So what may be coming down the pike? Cindy Hwang, executive editor with Penguin’s Berkley Books, points out that discovering new voices is the real challenge publishers face. Readers may look to established authors to provide that new timbre with titles that feature strong paranormal elements, according to Hwang. The Raven (Berkley, Feb.) is the first novel in Sylvain Reynard’s new series and her first foray into the subgenre. Others will continue to seek out the paranormal in original situations. Brenda Knight, publisher of the new Cleis Press imprint Tempted Romance, figures it’s time for new entities to get their say in the paranormal world. An increasingly popular choice for a paranormal “other” on the block is angels. Janine Ashbless’s Cover Him with Darkness (Tempted Romance, Oct.), which Knight calls “riveting,” explores a forbidden love between a priest’s daughter and an angel kept as a family’s secret beneath the church.
For those readers still yearning for more from the vampire world, Kerrelyn Sparks’s final entry in her “Love at Stake” series, Crouching Tiger, Forbidden Vampire (Avon, Dec.), will include two strong individuals who partner to take down a master vampire.
Over at Kensington, publicist Jane Nutter is making the argument that fans of paranormal romance who are looking for something new might find it in the fantasy subgenre, citing the worldbuilding, magical elements, and unique cultures as aspects paranormal romance fans may find appealing. “Fantasy and romance are two genres that are just dying to be friends,” Nutter says. For Kensington, Jeffe Kennedy’s “The Twelve Kingdoms” series—which includes the second installment, The Tears of the Rose (Nov.)—would be a perfect kick-start to this blissful pairing, as it pays equal homage to both fantasy and romance, according to Nutter.
Fans of the already popular urban fantasy genre will be pleased to see Ilona Andrews back with a new series this fall. Burn for Me (Avon, Oct.), which features a determined detective and a tempting billionaire joining forces to track down a high-ranking magic user, will launch the series and has Avon staffers excited about the “impressive new direction” for the writing duo of Ilona and Gordon Andrews. Shape-shifters continue to be a draw, and they will be represented in Darby Kaye’s The Stag Lord (Spence City, Dec.), as a vengeful shifter forces a man and his son to seek the safety of a shield maiden in modern-day Colorado.
Those looking for magical realism won’t have far to go, as Amy Impellizzeri’s Lemongrass Hope (Wyatt-MacKenzie, Oct.) is already earning a spot on many to-read lists. With Jacquelyn Mitchard singling it out as a fresh new story, this debut explores love through time-bending layers and ordinary connections.
LGBTQ, the new kid on the block
“As a gay romance publisher, our readership and sales have grown since day one eight years ago, often exponentially. We had our highest sales ever in July of this year,” explains Lynn West, editor in chief at Dreamspinner Press. As to the continued and expanding interest in LGBTQ titles, she adds, “The audience is out there and wants to read happy endings involving everyone, not just a man and a woman. The genre itself doesn’t matter: mystery, fantasy, historical, science fiction, paranormal.” Of particular interest in that market has been male/male romances in a wide variety of subgenres. Deidre Knight of the Knight Agency recalls that at this summer’s Romance Writers of America (RWA) conference in San Antonio nearly every publisher seemed to be asking about LGBTQ titles, and many have already slated a number for release.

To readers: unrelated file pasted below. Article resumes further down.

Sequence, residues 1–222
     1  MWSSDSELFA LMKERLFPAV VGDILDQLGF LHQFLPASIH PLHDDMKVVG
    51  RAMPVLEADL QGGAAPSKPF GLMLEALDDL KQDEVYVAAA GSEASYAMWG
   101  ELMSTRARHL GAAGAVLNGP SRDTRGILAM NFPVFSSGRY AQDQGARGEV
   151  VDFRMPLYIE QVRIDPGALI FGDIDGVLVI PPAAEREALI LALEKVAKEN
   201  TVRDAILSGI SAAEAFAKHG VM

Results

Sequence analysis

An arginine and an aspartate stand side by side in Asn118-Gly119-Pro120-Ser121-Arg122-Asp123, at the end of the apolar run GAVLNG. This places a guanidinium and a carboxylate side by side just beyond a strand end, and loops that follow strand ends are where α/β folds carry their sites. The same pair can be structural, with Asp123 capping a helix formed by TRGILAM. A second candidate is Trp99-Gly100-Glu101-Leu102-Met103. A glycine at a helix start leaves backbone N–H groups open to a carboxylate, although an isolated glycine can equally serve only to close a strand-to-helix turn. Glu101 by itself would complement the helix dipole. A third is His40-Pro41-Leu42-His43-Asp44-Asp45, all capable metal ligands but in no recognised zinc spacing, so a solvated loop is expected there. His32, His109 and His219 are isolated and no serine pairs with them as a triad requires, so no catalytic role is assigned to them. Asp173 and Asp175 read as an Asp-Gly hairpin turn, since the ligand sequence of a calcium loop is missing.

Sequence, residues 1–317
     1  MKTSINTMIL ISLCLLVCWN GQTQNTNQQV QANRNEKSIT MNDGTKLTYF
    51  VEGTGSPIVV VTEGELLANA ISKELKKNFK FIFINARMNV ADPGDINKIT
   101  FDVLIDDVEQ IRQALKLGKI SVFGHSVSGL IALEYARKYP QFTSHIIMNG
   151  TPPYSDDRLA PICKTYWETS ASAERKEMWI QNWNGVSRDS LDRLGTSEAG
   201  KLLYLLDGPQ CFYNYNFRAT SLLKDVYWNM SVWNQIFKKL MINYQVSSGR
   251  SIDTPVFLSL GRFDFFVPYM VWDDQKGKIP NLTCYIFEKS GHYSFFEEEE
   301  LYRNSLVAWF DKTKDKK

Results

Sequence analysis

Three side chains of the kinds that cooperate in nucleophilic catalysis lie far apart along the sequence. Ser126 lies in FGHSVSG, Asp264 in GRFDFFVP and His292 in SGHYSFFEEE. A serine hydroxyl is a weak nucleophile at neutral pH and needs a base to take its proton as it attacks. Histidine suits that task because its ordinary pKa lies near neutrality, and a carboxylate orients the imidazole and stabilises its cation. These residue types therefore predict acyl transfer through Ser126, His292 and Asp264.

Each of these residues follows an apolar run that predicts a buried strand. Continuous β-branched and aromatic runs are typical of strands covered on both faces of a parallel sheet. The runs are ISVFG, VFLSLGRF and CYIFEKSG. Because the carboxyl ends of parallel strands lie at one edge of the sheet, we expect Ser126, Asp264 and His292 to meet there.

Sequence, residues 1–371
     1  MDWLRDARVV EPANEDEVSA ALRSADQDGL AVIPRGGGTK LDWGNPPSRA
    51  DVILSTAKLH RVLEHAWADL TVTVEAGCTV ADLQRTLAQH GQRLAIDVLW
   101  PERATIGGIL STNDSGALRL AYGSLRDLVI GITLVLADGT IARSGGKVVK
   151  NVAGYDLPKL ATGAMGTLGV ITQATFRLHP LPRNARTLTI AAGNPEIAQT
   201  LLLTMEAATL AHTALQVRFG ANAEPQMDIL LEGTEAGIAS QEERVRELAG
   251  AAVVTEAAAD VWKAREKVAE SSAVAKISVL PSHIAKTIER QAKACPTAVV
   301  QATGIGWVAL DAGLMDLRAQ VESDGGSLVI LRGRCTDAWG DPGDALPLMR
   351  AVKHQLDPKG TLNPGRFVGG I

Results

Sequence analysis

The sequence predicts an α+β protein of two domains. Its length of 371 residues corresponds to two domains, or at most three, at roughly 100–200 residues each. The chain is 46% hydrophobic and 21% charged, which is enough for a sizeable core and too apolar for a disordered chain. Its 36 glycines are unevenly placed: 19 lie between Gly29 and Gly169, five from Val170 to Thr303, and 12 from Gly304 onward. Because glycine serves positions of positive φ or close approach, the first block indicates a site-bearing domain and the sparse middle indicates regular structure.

Andrew Grey’s latest in the “Stories from the Range” series brings together two ranch hands facing the harshest of conditions in A Chaotic Range (Dreamspinner, Nov.). The world of Downton Abbey and Upstairs, Downstairs is the setting for Men of the Manor (Cleis, Sept.), an anthology, edited by Rob Rosen, that details encounters between lords and lads. Riptide Publishing is anticipating Amy Lane’s The Bells of Times Square (Dec.) to have a big year, featuring a war-time romance and a desire to unite the past and present. New publishers are also appearing on the LGBTQ scene, including Interlude Press, which opened its doors this past July. Its upcoming title Sotto Voce (Oct.), from Erin Finnegan, which brings an East Coast wine critic into the path of a West Coast vintner, is already earning industry buzz.
In exciting news, Open Road Media will be expanding the digital availability of backlist LGBTQ titles in all categories this winter. Edmund White’s coming-of-age tale A Boy’s Own Story (Dec.), Gordon Merrick’s gay romance The Peter & Charlie Trilogy (Sept.), and Doris Grumbach’s The Ladies (Nov.) are among the titles that will be downloadable on devices in the coming months. “Our mission at Open Road Media is to introduce the classics in all genres to new readers and also to make these books available to readers who loved them in the past,” says director of publishing partnerships Philip Rappaport. “It’s crucial to bring out books by gay and lesbian writers…. As a gay man, I know how fragile our history is—that is, how easy it is to lose our history. We need to ensure that these books become part of the world digital library.”